The 2000 PGA Championship. It was held at Valhalla Golf Club in Louisville, Kentucky, and golf was now longer searching for their superstar.
Tiger arrived in Kentucky for the final major of the first year of the new millennium with the momentum of a runaway train. He was the hands down favorite, he was the talk of the sports world and he was as hot as a chili pepper.
Tiger had already won the U.S. Open and Open Championship in 2000. A win at the 2000 PGA Championship would make Tiger the only golfer other than the late Ben Hogan to win three majors in the same calender year.
Louisville, Kentucky treated its guests to fantastic weather for the long weekend. Sunny skies and warm air made for a lovely atmosphere and easy golf. By the end of Thursday, Tiger held the lead with Scott Dunlap at a very low six-under. By the end of Sunday, Tiger once again shared the lead; he was 18-under par, as was the relatively unknown Bob May. This meant one thing: three-hole playoff.
Bob May had the ability to throw water on a Tiger Woods that was on fire. He had the ability to make a name for himself, despite not winning on the PGA Tour in six years of playing. He had the ability to hoist the Wanamaker Trophy.
But we all know how this ends, and Tiger's birdie-par-par in the three-hole playoff was good enough to get under May's skin and secure his fifth major victory, his third of 2000, and his second PGA Championship.
2001-2005: "Not Quite Enough Good Shots"
After Tiger's 2002 U.S. Open victory, he saw a slump in his career, at least in terms of major victories. He would not win another major until the 2005 Master's, and his performance in the PGA Championships during this span reflected that he was not quite himself.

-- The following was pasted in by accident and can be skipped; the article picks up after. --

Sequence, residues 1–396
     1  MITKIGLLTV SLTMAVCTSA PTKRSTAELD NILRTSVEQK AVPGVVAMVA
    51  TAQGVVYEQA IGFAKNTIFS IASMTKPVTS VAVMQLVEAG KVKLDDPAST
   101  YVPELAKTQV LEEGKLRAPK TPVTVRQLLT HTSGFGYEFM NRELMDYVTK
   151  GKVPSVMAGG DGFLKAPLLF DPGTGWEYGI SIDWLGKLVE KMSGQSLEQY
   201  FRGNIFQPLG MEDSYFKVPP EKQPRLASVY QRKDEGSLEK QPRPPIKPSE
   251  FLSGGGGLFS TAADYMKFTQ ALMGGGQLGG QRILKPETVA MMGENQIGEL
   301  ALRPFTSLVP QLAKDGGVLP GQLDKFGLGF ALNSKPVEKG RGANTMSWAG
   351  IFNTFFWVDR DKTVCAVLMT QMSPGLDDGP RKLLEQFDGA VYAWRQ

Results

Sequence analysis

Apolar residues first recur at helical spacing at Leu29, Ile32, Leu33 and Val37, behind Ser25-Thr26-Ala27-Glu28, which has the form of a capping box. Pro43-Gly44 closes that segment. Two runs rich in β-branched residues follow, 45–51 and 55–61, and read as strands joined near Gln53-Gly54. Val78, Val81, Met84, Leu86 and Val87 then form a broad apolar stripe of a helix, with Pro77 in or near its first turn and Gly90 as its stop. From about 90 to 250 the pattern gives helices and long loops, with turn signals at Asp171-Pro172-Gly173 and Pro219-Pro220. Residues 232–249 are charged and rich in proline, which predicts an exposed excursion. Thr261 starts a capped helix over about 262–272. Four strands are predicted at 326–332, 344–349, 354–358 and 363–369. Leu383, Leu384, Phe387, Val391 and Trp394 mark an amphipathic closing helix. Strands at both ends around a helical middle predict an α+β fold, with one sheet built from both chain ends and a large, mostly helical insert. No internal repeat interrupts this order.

Aside from an exciting second place finish in 2002, Tiger was never truly in the hunt in any of the PGA Championships.
The 2002 PGA Championship, while not a victory for Woods, was a unique and memorable Tiger moment.
Woods started the final round four strokes under par, and five strokes behind leader Justin Leonard. Eventual champion Rich Beem teed off at six-under. Woods was shooting a one-under for the day until the 15th hole. Then, in unprecedented Tiger Woods fashion, he birdied the final four holes of the day and surged to a nine-under finish for the tournament.
Rich Beem had enough of a cushion to secure his victory, but the performance reminded all golfers who have the rare opportunity to lead Tiger in tournament to never, ever feel safe.
2006: "Back in the 'Swing' of Things"
The 2006 PGA Championship brought the PGA Tour back to Medinah, Illinois, where seven years prior, Tiger Woods had won his first PGA Championship.
The world of golf had been completely reinvented in those seven years. A fresh new crop of young golfers were making names for themselves on the tour, and the rivalry between Tiger Woods and Phil Mickelson had become one of the greatest and most exciting in history.
By 2006, Tiger was so much more than a young kid with potential too. He was the world's richest athlete, one of the most successful golfers of all time, a family man, a philanthropist and coming off a win at the 2006 Open Championship.
Many would call the era between 2005-2008 as the peak of Tiger's life, both on and off the golf course. It was the moment were his greatness was untested, unquestionable and, at the time, untouchable.